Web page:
2. Every plan fails. It's how you respond to failure that matters.
For all of its complexity and confusion, war boils down to one thing: breaking the enemy's will to fight. Entrepreneurship is a similarly complex enterprise that boils down to three simple rules:
- Your new enterprise has to make money.
- You must have the skills and vision to lead the company.
- You have to want to do it.
But business has some other things in common with war too. At the outset, a favorable outcome in war looks achievable. Once you put boots on the ground, however, your plans and assumptions meet reality. Military leaders internalize this phenomenon through doctrine. As Prussian General Helmuth von Moltke put it, "No plan survives contact with the enemy." The quote is a famous one, but the second part of Moltke's thesis is equally important: "Strategy is a system of expedients." In other words, it's only possible to plan at the beginning. After that, strategy becomes a system of expanding or contracting options.
That framework is especially relevant to entrepreneurs. As one study put it, founders typically need two to three times longer than they expect to validate a business model. The same study found that 70% of founders eventually realize that their intellectual property isn't a competitive advantage. Anyone who has ever put together a business plan and pitched investors knows that a lot of thought goes into a competitive advantage and the time it'll take to validate the plan. Yet, just like any warrior on the eve of combat, we ought to know that our assumptions about what should happen will inevitably prove false. Just as a war plan won't survive first contact with the enemy, a business plan won't survive first contact with investors, competitors or customers. [Read related article: 4 Ways Military Service Prepares You for Entrepreneurship]
What this means is that success is about what you do after your initial plan falls apart. Business strategy is a system of options just like military strategy, which brings me back to the three rules of business. If you're not exploring options for your enterprise to make money, make your product possible, or sustain the will to continue doing what you're doing, you're headed for defeat.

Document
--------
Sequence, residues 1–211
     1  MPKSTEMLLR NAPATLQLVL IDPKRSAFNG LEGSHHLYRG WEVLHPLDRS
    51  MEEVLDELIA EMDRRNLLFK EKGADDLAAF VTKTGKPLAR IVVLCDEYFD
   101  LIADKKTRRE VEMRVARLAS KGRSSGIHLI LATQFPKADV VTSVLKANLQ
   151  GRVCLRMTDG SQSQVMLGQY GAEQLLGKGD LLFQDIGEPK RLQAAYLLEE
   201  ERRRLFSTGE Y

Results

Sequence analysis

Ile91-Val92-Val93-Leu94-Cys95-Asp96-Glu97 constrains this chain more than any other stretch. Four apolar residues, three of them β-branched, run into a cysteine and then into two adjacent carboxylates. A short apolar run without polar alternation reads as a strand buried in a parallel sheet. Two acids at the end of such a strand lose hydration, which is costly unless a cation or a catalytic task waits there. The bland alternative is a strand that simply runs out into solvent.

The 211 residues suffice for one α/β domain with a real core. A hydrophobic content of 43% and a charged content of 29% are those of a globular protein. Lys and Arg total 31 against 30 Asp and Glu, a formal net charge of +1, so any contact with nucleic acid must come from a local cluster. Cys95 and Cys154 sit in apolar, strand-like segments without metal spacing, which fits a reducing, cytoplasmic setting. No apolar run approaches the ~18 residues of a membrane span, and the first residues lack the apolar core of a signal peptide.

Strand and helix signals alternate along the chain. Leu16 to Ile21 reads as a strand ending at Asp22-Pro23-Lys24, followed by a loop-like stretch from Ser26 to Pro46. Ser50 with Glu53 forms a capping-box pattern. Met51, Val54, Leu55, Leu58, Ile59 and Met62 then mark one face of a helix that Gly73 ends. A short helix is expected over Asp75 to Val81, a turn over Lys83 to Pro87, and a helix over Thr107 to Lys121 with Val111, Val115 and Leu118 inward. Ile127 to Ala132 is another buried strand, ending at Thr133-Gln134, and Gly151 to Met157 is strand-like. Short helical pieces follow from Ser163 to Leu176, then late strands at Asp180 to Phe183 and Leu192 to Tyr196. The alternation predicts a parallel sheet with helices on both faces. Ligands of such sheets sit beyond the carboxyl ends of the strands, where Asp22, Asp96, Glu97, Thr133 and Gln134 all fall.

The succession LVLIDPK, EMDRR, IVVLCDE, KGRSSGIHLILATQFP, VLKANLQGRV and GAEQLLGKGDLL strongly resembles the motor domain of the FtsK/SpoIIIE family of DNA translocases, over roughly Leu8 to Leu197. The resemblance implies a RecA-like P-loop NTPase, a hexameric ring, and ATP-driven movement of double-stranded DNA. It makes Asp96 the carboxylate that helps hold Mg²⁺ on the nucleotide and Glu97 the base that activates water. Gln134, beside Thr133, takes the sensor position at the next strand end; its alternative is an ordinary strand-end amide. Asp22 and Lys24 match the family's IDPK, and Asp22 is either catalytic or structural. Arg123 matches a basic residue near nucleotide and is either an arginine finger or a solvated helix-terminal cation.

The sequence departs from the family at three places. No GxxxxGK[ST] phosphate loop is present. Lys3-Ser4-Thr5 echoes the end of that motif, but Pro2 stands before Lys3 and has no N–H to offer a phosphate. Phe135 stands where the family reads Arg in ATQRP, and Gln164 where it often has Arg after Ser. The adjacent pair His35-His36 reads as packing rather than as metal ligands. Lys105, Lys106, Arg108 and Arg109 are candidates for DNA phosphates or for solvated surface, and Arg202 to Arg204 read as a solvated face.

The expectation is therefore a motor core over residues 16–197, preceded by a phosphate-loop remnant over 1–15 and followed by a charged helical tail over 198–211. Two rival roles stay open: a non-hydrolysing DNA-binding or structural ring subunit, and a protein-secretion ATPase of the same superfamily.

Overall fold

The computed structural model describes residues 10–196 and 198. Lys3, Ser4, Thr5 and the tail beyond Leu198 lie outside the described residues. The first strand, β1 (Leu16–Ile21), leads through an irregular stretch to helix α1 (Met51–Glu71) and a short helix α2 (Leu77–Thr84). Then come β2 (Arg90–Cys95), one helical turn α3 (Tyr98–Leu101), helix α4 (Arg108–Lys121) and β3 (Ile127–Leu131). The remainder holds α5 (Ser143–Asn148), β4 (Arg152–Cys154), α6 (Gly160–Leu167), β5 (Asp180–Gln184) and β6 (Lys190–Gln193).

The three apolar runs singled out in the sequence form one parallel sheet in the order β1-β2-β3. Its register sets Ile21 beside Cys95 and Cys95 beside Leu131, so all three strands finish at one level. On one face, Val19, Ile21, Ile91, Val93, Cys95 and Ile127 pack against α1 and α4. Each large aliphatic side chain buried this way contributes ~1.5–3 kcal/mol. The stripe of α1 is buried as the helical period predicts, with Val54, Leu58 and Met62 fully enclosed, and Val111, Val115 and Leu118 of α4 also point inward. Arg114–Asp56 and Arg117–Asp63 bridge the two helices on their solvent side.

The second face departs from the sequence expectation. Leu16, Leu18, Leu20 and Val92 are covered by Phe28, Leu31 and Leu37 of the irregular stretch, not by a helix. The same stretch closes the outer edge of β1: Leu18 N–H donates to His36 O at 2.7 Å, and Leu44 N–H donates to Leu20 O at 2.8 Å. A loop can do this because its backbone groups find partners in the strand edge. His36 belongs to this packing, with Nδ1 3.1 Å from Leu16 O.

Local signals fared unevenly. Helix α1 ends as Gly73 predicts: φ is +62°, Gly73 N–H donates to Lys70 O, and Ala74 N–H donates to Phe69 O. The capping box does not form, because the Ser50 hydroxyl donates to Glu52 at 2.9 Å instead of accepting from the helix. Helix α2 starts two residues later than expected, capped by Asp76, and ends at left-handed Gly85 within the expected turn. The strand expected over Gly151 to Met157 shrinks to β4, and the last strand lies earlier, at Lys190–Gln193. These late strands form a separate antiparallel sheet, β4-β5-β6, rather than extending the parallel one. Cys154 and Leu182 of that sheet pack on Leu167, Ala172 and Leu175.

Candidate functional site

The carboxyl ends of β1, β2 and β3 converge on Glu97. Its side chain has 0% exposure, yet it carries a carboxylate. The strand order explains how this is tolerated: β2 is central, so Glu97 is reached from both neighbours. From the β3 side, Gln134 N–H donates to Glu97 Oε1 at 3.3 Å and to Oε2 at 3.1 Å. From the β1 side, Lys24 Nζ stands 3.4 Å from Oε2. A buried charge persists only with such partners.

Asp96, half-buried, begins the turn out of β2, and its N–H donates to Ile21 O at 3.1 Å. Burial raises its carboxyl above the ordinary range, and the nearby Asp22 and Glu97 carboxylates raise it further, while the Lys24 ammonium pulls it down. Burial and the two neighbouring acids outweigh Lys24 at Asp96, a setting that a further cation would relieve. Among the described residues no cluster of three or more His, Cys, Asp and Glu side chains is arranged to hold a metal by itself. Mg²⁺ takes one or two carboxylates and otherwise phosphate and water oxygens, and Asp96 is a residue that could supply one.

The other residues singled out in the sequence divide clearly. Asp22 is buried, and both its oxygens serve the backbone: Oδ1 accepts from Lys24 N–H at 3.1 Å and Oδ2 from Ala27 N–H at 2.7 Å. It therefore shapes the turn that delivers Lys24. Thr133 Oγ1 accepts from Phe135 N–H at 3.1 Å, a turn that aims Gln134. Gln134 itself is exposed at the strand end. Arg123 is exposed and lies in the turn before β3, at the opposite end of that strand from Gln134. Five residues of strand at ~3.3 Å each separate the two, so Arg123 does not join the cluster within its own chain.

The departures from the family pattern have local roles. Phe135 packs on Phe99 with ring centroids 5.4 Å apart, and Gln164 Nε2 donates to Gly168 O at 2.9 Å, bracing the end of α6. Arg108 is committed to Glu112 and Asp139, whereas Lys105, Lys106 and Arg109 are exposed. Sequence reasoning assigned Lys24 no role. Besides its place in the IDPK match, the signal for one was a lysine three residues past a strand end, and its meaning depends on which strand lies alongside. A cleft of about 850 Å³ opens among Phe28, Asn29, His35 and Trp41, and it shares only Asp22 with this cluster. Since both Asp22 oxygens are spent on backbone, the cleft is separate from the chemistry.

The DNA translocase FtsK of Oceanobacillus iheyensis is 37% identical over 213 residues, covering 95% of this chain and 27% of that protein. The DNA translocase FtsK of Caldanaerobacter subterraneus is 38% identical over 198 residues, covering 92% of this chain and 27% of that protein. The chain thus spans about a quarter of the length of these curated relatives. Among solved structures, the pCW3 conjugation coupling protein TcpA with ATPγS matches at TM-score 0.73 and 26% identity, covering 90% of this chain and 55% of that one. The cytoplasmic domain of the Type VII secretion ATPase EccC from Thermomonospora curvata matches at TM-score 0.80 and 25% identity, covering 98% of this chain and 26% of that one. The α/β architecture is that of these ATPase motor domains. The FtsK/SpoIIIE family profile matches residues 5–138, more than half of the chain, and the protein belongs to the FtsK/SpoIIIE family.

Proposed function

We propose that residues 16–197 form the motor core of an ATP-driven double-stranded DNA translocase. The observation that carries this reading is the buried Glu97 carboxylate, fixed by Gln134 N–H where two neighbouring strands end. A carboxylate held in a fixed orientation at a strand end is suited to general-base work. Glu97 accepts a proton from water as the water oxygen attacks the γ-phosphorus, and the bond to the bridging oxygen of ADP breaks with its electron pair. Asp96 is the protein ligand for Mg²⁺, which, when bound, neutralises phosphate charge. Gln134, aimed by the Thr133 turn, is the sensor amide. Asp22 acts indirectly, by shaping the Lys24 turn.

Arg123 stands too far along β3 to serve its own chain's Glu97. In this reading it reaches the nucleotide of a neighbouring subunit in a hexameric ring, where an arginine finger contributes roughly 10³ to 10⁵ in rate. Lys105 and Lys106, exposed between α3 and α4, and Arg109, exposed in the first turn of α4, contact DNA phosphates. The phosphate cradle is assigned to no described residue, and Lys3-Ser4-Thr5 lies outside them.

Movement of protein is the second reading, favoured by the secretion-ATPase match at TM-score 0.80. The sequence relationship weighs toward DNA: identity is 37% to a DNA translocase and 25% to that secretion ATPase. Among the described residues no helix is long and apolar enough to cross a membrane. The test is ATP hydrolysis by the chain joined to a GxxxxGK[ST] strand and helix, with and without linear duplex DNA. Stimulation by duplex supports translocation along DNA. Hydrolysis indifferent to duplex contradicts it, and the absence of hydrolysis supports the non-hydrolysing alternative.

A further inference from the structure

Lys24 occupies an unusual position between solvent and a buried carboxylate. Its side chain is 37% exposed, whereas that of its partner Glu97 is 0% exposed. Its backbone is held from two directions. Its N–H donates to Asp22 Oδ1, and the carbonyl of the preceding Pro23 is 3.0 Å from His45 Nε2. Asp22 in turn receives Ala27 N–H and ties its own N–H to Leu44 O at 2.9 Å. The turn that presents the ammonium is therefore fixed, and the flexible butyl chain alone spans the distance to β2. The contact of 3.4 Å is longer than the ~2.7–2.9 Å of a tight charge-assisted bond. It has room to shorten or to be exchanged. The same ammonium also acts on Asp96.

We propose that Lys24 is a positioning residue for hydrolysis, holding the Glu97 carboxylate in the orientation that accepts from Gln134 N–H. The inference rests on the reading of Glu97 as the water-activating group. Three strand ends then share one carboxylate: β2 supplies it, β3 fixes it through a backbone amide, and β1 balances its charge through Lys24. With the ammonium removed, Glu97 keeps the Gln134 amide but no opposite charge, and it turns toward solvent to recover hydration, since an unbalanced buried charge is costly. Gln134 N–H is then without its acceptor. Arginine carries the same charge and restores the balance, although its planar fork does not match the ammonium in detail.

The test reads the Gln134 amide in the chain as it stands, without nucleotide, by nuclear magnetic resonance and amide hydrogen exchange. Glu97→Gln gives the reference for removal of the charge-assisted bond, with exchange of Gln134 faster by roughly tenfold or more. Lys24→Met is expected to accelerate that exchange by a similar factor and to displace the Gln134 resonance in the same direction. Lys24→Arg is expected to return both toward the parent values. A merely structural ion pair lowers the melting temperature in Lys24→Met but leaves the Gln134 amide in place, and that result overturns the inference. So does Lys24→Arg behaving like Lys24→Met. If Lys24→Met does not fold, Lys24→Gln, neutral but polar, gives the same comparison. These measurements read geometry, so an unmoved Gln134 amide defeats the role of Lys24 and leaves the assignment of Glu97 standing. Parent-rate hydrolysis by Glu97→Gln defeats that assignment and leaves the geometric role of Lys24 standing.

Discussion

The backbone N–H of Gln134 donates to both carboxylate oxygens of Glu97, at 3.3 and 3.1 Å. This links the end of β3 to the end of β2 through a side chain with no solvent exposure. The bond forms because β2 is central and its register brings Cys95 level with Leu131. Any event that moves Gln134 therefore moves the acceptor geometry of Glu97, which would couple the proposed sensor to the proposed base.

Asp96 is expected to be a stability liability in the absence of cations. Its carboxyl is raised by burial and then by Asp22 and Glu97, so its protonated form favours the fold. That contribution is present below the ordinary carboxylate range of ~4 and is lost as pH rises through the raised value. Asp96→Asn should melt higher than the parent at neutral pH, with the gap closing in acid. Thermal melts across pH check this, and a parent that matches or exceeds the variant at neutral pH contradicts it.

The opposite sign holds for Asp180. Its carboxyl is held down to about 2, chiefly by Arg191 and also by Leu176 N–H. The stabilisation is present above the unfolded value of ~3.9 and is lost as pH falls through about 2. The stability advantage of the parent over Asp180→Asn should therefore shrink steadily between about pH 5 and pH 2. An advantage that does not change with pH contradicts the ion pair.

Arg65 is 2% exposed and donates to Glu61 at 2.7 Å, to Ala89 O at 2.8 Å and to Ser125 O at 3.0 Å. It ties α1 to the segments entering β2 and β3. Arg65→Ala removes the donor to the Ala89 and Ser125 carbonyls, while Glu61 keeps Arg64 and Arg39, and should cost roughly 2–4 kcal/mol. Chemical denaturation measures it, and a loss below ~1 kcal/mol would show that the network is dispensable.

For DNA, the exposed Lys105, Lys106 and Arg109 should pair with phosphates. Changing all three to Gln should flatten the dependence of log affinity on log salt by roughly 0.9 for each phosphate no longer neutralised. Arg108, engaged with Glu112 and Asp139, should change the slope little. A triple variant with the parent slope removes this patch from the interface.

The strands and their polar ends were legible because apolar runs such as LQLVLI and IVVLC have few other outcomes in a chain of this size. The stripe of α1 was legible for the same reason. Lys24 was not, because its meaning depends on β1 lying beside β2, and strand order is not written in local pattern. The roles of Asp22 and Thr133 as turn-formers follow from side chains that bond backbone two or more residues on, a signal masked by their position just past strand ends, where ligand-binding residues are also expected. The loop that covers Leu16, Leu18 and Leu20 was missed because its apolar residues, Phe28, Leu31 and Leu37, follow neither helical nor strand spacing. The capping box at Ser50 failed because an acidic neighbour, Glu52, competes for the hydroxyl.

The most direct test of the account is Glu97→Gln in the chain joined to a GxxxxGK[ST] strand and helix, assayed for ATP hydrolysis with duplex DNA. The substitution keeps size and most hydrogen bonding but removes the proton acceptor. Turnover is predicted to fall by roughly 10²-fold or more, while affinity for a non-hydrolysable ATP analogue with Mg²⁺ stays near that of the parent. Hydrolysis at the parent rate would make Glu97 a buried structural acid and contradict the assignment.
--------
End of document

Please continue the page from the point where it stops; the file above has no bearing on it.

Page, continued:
3. The risk is total, so you must accept that you’re all in before you start.
In the military, you put your life on the line. We understand this when we join the military, and that fact is an omnipresent reality for everyone who serves as well as their families. Startups require a similar commitment. They aren't life and death, but entrepreneurs need to think about their commitment in terms of being all in for the business they're building.
It might be counterintuitive, but the reason entrepreneurs need to see startup risk as total is that almost all startups fail. Even the most experienced entrepreneurs fail; it comes with the territory. The important corollary here is that uncommitted or under-committed entrepreneurs never succeed. So here's the lesson: If you're not all in, you're putting yourself in a precarious position with the wrong mental attitude.
For me, the startup stakes were incredibly high. I took out a second mortgage on my house. There were times when I wondered if I would be able to feed my family or make payroll. Those weren't happy moments, but they were clarifying. I understood that I was all in for my business, and that feeling was similar to the commitment I felt in the military.
These are the gut-check moments when you truly understand that your only option is to push forward. Only by facing the reality of failure directly do you put yourself in a position to succeed.